Standing Orders in Family-Law Cases
Family-law disputes can take months or years to resolve, but there are often important issues that must be dealt with immediately after a custody or divorce case is filed. As such, many Texas counties have standing orders that automatically go into effect when parties file certain types of family-law cases. If you are considering filing a custody or divorce action, it is important to understand how standing orders in family-law cases may impact your rights and obligations, and you should speak to an attorney before doing so. The Dallas family-law attorneys of McClure Law Group devote their practice to helping people navigate the emotional and legal complexities of family-law disputes, and, if you engage our services, we will help you strive for the best legal result available under the facts of your case.Standing Orders in Family-Law Cases
Standing orders are rules designed to protect the rights of people in family-law cases until a judge can rule on material issues. Essentially, they can require people to take certain actions or prohibit them from engaging in behavior that may adversely impact other parties in the case or any children involved. They are county-specific, but not all Texas counties use standing orders. In counties that have standing orders, a party filing a petition for dissolution or to define conservatorship and possession of a child must attach any applicable standing orders to their initial pleading.
Standing orders are most commonly employed in custody and divorce actions and typically address possession and access and property rights. For example, they may prohibit parties from selling, disbursing, or transferring marital property or cashing in, or altering life-insurance policies. They may also bar parties from removing children from the state, making disparaging remarks regarding the other party, or discussing the family-law litigation with the children.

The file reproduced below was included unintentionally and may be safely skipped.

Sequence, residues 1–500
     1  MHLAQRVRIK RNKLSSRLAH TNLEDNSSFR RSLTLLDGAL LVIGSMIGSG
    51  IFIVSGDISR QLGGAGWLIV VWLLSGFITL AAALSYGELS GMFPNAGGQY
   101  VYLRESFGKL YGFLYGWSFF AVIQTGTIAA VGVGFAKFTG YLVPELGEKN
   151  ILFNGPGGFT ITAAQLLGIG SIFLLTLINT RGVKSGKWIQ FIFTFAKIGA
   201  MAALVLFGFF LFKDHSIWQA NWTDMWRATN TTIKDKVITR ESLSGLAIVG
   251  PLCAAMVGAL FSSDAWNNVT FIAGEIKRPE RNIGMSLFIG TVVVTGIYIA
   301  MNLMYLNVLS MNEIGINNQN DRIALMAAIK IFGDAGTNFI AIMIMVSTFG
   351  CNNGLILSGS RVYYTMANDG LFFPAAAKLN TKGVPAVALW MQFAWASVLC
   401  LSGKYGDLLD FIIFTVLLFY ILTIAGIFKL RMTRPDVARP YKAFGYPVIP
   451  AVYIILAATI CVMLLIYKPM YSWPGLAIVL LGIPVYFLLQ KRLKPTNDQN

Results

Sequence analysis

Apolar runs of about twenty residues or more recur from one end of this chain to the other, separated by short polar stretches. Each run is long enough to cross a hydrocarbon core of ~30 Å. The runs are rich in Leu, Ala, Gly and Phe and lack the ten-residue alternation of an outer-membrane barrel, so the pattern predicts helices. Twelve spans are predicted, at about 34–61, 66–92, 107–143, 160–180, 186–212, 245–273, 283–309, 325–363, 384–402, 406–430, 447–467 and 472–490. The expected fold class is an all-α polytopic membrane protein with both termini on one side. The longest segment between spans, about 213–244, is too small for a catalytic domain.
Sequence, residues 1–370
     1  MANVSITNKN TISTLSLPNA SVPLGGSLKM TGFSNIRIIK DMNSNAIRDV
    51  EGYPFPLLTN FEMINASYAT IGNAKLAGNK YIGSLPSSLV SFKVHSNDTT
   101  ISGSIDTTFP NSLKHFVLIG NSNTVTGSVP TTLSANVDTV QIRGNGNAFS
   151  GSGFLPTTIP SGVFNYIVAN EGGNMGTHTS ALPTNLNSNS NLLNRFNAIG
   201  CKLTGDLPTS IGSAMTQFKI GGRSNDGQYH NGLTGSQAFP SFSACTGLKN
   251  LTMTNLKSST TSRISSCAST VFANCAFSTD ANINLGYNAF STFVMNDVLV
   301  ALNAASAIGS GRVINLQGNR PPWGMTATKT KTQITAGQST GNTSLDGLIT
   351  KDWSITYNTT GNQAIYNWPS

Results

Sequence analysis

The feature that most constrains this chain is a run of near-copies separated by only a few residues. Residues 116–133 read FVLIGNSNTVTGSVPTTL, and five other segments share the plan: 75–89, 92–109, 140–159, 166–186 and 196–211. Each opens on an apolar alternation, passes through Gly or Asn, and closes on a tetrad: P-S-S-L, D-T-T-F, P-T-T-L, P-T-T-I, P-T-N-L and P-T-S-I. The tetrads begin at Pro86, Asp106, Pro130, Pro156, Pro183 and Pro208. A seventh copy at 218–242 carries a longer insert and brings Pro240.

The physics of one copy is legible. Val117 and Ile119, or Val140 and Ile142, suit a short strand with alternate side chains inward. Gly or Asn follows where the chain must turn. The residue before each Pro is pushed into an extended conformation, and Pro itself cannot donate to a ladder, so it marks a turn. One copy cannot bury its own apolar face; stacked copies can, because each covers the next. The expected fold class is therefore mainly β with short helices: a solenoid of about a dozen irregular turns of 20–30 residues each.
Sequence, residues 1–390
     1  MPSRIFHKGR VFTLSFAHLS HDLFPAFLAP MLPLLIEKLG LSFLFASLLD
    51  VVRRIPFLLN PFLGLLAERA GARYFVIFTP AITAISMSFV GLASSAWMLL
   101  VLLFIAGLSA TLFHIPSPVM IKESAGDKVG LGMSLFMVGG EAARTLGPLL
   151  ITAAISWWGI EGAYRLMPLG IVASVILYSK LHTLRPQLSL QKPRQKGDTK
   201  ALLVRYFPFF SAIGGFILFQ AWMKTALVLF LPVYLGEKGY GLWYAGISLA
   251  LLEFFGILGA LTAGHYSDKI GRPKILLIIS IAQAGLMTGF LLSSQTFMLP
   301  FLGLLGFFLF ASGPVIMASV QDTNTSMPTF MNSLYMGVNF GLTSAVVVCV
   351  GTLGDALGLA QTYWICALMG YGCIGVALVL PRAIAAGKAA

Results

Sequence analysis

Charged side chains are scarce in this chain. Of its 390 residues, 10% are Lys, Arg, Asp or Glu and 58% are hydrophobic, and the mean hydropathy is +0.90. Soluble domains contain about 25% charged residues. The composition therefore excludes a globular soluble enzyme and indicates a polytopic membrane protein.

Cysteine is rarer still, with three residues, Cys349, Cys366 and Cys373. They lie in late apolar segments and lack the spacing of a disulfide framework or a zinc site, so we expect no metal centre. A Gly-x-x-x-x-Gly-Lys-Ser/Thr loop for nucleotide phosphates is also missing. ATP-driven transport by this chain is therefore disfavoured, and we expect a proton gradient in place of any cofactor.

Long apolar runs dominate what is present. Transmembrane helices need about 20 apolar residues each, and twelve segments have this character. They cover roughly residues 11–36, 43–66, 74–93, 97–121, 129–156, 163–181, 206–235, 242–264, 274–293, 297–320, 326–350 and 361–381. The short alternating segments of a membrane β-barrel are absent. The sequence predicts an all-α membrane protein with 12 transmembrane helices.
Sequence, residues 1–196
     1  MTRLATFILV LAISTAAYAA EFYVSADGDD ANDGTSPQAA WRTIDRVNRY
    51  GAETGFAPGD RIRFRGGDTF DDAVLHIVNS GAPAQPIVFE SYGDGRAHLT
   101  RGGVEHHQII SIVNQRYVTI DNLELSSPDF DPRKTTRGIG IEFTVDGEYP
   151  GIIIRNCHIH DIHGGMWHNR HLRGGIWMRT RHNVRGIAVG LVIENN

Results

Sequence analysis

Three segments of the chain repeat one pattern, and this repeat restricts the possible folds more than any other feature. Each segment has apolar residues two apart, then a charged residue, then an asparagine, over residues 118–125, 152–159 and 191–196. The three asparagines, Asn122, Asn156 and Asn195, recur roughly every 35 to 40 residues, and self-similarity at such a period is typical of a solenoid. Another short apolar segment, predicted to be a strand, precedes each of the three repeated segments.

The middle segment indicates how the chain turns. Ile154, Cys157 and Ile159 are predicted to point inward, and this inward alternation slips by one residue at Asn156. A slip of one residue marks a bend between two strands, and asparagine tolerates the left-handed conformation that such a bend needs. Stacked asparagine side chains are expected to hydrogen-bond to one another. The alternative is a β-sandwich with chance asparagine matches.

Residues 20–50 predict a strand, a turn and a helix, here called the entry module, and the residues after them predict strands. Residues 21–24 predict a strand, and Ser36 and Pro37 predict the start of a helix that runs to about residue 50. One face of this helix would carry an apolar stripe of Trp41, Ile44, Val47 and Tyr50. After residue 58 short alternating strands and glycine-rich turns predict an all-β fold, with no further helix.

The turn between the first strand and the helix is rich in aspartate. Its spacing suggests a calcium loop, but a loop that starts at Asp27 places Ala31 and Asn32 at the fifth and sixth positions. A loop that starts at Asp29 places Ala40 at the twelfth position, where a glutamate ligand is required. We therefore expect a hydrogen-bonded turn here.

It is important to note that standing orders are enforced in the same manner as other court orders. This means that parties can file motions to enforce standing orders if their opposing party is violating the orders. Additionally, the courts can hold people who violate standing orders in contempt of court, including incarceration. As such, parties should be wary of refusing to comply with such orders.Standing Orders Versus Temporary Restraining Orders
Standing orders are considered a type of temporary restraining orders (“TROs”), and standing orders and TROs frequently address the same issues. Standing orders differ from other TROs, however, in that most TROs must be requested by a party, while standing orders are automatically imposed on all parties in a case. Specifically, standing orders go into effect immediately after a party files a petition in a family-law case and remain in effect until the court either eliminates the order or issues a new order that supersedes the standing order or the case is final.
Additionally, pursuant to Texas law, TROs can only last for fourteen days, although extensions may be granted in some instances. Before the fourteen-day term of a TRO ends, the court will conduct a hearing at which it will hear evidence from the parties regarding whether the TRO should become a temporary order. Temporary orders remain in effect until they are modified or terminated, or the case becomes final.
TROs are typically more restrictive than standing orders. Specifically, TROs can prohibit a party from accessing children or entering a marital home, while standing orders generally do not impede such behavior.Talk to an Experienced Dallas Lawyer
In some Texas counties, standing orders establish rules immediately after a family-law case is filed, and it is critical for anyone contemplating filing a custody or divorce case to know what the orders require. If you need assistance with a family-law dispute, the experienced Dallas lawyers of McClure Law Group can inform you of your rights and help you to seek your desired outcome in a discrete and efficient manner. Our primary office is in Dallas, and we regularly meet with clients for consultations at our Collin-County office in Plano. We help parties navigate custody disputes in Dallas, Rockwall, Fort Worth, Frisco, Irving, McKinney, Richardson, and Garland. We represent parties in family-law cases in cities in Dallas, Rockwall, Collin, Denton, Tarrant, and Grayson Counties, as well. You can reach us by calling 214.692.8200 or using our online form to set up a confidential consultation.